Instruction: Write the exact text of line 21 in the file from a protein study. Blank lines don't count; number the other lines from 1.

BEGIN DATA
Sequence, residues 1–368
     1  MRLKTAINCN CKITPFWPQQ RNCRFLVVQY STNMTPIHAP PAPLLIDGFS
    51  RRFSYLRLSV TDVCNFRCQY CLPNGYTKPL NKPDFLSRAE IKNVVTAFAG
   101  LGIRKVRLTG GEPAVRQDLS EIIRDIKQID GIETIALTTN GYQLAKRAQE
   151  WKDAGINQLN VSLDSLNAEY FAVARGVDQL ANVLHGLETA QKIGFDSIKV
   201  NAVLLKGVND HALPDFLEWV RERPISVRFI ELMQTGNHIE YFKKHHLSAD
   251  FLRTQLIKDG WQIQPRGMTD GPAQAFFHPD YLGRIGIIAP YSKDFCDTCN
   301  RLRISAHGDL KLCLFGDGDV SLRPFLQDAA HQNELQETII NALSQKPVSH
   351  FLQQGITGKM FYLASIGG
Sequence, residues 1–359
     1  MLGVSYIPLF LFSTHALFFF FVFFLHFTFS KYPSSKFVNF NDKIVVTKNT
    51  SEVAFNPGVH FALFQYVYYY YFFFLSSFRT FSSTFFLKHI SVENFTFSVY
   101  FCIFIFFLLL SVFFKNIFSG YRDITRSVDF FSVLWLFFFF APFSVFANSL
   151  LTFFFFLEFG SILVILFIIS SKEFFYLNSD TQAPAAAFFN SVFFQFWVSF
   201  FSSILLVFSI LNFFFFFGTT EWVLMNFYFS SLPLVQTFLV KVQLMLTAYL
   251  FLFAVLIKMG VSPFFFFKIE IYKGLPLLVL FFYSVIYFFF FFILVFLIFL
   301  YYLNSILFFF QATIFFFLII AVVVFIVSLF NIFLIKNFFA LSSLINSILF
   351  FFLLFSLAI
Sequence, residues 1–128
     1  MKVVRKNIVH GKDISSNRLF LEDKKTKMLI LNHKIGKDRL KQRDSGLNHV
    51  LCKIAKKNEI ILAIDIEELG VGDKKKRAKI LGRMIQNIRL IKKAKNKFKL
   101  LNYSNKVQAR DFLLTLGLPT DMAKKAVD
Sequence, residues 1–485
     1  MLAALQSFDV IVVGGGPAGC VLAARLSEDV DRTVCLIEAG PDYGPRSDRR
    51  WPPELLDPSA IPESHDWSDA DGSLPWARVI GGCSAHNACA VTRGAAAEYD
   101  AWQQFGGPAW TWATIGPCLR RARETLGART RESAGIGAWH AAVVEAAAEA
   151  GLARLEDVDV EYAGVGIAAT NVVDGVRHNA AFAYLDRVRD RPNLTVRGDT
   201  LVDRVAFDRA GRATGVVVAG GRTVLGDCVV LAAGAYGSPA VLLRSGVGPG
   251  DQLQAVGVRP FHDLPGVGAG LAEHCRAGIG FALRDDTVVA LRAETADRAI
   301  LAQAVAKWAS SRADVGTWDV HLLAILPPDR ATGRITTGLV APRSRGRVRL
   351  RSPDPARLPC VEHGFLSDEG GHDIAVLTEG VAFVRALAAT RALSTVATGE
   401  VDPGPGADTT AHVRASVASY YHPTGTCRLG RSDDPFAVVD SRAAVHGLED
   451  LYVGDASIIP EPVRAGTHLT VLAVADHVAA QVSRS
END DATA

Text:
    51  LCKIAKKNEI ILAIDIEELG VGDKKKRAKI LGRMIQNIRL IKKAKNKFKL